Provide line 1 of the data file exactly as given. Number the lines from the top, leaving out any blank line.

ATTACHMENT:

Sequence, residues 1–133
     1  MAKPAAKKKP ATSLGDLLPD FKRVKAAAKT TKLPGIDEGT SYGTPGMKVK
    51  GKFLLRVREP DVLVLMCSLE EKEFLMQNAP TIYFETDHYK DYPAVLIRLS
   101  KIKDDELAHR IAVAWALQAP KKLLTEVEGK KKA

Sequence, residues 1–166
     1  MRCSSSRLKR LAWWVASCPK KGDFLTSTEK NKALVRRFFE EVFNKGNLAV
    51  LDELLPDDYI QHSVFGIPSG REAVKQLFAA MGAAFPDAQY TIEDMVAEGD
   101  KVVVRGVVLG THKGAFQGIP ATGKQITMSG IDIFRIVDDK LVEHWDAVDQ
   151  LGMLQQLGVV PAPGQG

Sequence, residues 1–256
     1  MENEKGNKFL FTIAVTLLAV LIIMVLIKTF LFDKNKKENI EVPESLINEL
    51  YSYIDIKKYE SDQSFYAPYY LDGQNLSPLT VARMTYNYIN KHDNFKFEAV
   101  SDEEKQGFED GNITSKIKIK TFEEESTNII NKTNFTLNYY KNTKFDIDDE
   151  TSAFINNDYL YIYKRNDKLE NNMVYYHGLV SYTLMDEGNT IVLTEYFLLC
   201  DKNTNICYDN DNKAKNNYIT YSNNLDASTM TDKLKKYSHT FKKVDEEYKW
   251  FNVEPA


Sequence, residues 1–133